Film screening at Jewish Community Center in La Jolla will raise funds for victims of violence
In support of Domestic Violence Awareness Month,
Project SARAHwill present “Crime After Crime,” a documentary by La Jolla native Yoav Potash, about the legal battle to free Debbie Peagler, imprisoned for more than 25 years in connection with the murder of the man who abused her. The screening is 7:30 p.m. Thursday, Oct. 27 at the Jewish Community Center’s Garfield Theatre, 4126 Executive Dr. Potash will attend along with attorney
- A performance by the San Diego band, Jalopy, which contributed to the film’s soundtrack, will also take place. Tickets at https://tickets.lfjcc.org/ are $40 for a 6:30 p.m. wine/cheese filmmaker reception and post-film events; $20 for post-film Q&A and desserts.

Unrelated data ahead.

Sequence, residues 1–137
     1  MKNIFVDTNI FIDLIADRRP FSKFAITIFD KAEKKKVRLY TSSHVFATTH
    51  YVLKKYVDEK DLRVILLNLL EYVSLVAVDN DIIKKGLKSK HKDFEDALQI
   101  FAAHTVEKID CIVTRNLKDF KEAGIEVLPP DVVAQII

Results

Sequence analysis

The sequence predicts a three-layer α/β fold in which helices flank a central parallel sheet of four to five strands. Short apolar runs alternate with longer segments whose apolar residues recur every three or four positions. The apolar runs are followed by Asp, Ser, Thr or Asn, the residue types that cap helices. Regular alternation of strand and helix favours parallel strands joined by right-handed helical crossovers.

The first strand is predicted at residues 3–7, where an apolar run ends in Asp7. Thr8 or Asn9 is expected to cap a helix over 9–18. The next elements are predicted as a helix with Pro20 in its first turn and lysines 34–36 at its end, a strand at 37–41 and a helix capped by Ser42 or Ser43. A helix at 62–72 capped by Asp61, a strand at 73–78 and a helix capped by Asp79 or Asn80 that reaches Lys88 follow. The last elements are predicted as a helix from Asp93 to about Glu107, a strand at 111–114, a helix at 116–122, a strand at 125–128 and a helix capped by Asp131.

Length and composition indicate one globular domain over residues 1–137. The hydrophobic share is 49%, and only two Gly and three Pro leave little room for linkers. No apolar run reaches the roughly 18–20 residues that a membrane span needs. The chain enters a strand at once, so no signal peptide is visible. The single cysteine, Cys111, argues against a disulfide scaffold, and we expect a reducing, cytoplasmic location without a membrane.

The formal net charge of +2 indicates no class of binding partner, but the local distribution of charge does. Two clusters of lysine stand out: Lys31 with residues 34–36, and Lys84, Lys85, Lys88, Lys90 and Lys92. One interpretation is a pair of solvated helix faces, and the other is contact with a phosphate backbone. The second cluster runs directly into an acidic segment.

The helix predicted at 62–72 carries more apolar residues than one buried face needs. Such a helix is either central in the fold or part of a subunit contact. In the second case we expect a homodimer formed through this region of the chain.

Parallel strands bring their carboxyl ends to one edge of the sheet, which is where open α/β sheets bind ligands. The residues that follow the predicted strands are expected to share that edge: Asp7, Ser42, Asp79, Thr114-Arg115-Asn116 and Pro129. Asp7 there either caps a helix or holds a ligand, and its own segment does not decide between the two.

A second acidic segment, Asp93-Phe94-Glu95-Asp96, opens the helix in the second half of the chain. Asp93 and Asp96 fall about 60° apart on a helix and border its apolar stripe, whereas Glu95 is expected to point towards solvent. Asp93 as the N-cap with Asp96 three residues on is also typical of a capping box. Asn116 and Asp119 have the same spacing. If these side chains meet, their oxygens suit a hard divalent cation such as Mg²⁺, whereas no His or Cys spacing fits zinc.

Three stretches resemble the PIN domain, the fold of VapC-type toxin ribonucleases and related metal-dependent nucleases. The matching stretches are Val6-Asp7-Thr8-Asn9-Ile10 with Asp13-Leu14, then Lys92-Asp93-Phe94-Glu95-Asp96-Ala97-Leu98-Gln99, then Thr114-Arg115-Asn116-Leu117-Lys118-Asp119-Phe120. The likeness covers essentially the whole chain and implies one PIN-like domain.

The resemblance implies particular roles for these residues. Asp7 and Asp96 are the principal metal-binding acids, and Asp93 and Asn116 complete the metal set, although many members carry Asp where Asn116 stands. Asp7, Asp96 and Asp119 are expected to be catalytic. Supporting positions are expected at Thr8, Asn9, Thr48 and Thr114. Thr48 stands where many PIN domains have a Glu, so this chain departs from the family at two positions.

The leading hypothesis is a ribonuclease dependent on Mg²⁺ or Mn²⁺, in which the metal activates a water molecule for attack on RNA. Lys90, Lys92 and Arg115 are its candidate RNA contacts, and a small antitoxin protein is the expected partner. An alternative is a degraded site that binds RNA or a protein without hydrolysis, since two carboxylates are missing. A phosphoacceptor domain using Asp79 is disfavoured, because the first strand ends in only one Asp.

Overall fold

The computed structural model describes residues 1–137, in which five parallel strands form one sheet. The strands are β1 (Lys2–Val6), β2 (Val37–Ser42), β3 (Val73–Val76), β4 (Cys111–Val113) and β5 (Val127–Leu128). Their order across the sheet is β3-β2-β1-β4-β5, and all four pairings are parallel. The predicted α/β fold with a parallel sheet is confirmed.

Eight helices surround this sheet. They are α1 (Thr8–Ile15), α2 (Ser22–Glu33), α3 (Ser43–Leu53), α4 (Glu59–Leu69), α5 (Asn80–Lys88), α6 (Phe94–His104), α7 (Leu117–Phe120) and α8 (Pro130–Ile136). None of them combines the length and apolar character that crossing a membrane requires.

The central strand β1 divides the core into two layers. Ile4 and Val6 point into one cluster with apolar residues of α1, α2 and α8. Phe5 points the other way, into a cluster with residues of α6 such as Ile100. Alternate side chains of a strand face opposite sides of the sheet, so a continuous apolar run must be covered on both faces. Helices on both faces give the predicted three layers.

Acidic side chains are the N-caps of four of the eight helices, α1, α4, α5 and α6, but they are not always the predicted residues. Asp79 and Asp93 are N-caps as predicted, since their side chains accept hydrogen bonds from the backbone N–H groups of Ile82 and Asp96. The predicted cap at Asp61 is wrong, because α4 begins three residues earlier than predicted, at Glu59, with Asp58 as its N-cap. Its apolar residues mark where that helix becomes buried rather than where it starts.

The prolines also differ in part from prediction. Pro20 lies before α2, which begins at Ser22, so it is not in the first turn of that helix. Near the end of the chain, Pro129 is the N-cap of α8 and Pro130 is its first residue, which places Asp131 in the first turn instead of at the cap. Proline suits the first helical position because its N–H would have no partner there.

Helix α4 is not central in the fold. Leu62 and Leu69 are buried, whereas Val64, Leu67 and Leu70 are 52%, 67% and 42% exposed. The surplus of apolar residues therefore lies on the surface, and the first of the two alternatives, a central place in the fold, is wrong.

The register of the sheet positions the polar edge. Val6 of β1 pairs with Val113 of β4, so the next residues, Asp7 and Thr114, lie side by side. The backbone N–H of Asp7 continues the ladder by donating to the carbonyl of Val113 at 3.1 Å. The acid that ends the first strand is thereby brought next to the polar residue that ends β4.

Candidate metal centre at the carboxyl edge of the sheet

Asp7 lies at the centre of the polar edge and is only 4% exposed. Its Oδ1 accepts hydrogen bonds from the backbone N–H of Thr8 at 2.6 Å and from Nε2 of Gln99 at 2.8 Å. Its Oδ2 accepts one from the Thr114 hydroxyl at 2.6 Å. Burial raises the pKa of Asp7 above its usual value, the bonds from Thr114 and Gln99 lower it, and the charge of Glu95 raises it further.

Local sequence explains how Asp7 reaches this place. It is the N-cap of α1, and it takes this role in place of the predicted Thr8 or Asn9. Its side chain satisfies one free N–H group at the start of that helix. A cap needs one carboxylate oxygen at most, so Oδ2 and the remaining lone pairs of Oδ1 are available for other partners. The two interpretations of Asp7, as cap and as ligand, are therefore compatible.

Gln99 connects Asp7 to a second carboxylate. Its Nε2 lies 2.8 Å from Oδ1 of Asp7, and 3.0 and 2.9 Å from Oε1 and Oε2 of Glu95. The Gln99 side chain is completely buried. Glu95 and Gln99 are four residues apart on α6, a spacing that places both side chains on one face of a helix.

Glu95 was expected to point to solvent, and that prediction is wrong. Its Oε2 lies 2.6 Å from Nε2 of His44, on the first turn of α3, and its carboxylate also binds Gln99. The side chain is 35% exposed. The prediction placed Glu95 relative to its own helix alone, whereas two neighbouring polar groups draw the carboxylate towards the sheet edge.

Peagler’s story, filmed for over five years, takes an unexpected turn when two rookie landuse attorneys step forward to take her case. Their investigation attracts global attention for victims of wrongful incarceration and abuse, and takes on profound urgency when Peagler is diagnosed with cancer.
Potash grew up in La Jolla, where he said he discovered a gift for storytelling as a third-grader at La Jolla Elementary School. He began college at UC Davis before transferring to UC Berkeley where he double-majored in English Lit and Socially Sustainable Architecture. After graduating, he dove headfirst into filmmaking by documenting the journey of a group of Berkeley students rebuilding burned African-American churches in Alabama.
In 2010, he and wife Shira, co-directed the documentary “Food Stamped,” a humorous documentary following a couple as they attempt to eat a healthy, well-balanced diet on a food stamp budget.
His half-hour documentary “Life On The Inside,” about the nation’s largest prison for women, aired on PBS. Other Potash films included “Minute Matrimony,” and “Criminal Justice.”Learn more at